In the short space of less than a week, the Democratic primary election seems to have changed dramatically. In actual fact, it has changed very little from the state it was in a year ago. Former Vice President Joe Biden holds a commanding lead, followed by his main rival Sen. Bernie Sanders (D-Vt.). Biden’s return to the top of the ladder from the electoral graveyard after Super Tuesday is one of the most extraordinary revivals in American politics over the last two decades, matched only by former President Bill Clinton’s performance during the 1992 primary, which earned him the moniker “Comeback Kid.”
The events of the past several weeks have been something of a whirlwind. The results of the Iowa caucuses and New Hampshire primary pointed strongly towards Sanders as the new frontrunner. Conventional wisdom dictated that it was Sanders’ nomination to lose, an impression bolstered by his performance in Nevada, where he won 46.8 percent of the vote.
South Carolina changed everything. Biden, having long held strong support among African-Americans, who make up over a quarter of the state’s population, and carrying the endorsement of Rep. James Clyburn (D-SC), swept the state, winning a plurality of votes in every precinct and overtaking Sanders’ cumulative popular vote lead.
What happened next is history. A rapid winnowing of the moderate wing ensued as former Mayor Pete Buttigieg and Sen. Amy Klobuchar (D-Minn.) dropped out, and, accompanied by former representative Beto O’Rourke, endorsed Biden at a bombastic rally in Dallas. Biden’s dramatic Super Tuesday overperformance, where he swept not only Southern states where he was expected to win but also states like Massachusetts in the Northeast and Minnesota in the Midwest secured his status as the presumptive nominee – “Comeback Kid 2.0.”
Where does the primary go from here? For one thing, it’s now a clear two-horse race. Former Mayor Michael Bloomberg and Sen. Elizabeth Warren (D-Mass.) both exited the race shortly after poor Super Tuesday showings, with the former endorsing Biden. Apart from Rep. Tulsi Gabbard (D-HI), who remains in the race with only two pledged delegates apparently out of sheer stubbornness, there is no real competition against Biden and Sanders in the moderate and progressive wings respectively. The DNC’s new debate criteria, which will pit Biden against Sanders directly in a debate on March 15, cements this fact.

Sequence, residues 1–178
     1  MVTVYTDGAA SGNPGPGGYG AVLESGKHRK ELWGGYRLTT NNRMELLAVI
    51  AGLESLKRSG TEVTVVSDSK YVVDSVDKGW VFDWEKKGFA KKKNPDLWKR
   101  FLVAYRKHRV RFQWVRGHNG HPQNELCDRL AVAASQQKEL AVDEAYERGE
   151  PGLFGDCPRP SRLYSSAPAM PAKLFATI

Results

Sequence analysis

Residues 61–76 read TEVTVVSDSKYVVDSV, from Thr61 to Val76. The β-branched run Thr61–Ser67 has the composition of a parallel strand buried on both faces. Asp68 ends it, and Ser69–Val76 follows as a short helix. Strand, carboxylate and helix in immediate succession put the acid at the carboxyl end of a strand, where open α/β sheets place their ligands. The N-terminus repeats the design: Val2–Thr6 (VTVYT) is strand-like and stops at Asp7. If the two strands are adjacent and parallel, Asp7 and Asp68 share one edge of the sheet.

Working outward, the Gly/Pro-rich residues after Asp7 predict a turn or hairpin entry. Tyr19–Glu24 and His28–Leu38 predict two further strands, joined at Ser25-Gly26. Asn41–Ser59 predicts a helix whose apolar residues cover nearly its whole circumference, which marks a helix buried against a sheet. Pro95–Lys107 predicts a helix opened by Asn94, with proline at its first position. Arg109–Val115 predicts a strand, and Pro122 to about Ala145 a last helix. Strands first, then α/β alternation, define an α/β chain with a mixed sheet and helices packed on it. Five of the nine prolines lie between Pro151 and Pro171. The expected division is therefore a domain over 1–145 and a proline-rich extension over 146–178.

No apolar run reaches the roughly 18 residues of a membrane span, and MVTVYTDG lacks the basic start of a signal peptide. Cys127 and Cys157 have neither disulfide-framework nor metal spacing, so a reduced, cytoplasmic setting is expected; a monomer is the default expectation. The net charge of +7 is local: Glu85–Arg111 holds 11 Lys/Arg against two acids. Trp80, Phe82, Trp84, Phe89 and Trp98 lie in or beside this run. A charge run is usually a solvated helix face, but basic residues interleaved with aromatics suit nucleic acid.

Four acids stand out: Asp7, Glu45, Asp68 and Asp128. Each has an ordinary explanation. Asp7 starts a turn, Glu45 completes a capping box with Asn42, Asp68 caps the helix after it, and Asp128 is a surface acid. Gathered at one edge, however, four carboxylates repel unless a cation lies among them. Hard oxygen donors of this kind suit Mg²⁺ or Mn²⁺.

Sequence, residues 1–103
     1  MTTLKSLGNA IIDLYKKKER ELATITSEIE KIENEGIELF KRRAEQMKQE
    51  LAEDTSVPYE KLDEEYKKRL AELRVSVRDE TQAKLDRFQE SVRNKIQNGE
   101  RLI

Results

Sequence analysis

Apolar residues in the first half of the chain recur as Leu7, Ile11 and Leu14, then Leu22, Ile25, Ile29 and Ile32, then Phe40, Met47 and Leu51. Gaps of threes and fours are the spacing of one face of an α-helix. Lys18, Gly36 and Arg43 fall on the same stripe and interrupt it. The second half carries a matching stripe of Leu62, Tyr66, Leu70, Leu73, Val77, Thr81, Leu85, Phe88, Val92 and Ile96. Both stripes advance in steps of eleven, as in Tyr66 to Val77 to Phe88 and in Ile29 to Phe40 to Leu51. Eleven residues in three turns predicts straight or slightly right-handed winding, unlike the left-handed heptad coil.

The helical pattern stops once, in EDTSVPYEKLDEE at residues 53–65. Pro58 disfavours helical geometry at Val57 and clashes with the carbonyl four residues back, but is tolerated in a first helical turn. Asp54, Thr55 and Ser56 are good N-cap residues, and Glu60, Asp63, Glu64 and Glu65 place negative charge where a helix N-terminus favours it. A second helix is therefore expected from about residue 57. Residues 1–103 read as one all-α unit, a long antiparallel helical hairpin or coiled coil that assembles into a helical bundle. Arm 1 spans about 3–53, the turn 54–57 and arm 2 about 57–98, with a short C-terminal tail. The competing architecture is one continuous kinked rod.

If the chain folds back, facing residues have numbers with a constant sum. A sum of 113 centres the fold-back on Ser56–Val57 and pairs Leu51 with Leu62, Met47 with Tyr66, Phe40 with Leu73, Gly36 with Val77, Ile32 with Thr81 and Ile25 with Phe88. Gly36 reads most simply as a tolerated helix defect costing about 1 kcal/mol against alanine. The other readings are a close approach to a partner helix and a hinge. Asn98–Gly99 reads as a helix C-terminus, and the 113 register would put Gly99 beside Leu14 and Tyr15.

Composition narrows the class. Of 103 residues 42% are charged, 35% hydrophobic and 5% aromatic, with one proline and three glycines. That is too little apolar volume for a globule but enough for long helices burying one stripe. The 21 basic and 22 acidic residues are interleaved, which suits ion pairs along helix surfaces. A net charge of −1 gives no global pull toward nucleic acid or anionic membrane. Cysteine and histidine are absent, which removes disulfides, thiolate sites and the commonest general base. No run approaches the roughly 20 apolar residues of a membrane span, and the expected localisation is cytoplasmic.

For another, Biden’s lead may well be insurmountable. His Super Tuesday victory highlights several heretofore unnoticed features of his candidacy. First, physical presence and ‘ground game’ is not as important as it previously seemed. Biden had no staff in Minnesota, just one office in Virginia, and half of Sanders’ monetary resources – but he was able to win those states and others regardless. With the surge in fundraising he experienced post-Super Tuesday, and the help of Buttigieg, Klobuchar, and Bloomberg’s campaign apparatuses, Biden will not struggle for funds and organisation.
Many of the states that remain in contention favour Biden significantly. In Florida, which has 219 delegates up for grabs, Sanders recent refusal to retract his defence of Fidel Castro’s Cuba is clearly reflected in recent polling, which sees Biden up by 48 points. In Michigan (125 delegates), which Sanders won in 2016, Biden has secured the endorsement of Gov. Gretchen Whitmer and led by seven points in a post-South Carolina poll of the state. He can also expect to continue winning among Southern voters in Georgia, Mississippi, and Louisiana which together offer hundreds of delegates.
Sanders’ primary path to the nomination was securing the support of young people, who are an historically unreliable voting group, but among whom he is very popular. Super Tuesday provided some indication that this strategy is largely ineffective. In Sanders’ own words: “Have we been as successful as I would hope in bringing young people in? The answer is no.” Just 15 percent of Texan primary voters were under-30, compared to the 45-64 age range which made up 38% of the Texas electorate and favoured Biden heavily.
Biden’s path to the nomination is by no means guaranteed, but there is little doubt that he is back on top, and is unlikely to fall anytime soon. Come the convention in July, the Democratic Party must unite around him if they are to have a hope of defeating Donald Trump in November. One can only hope that Sanders and his zealous supporters will accept defeat if it comes to it, and join Biden in his march to the White House.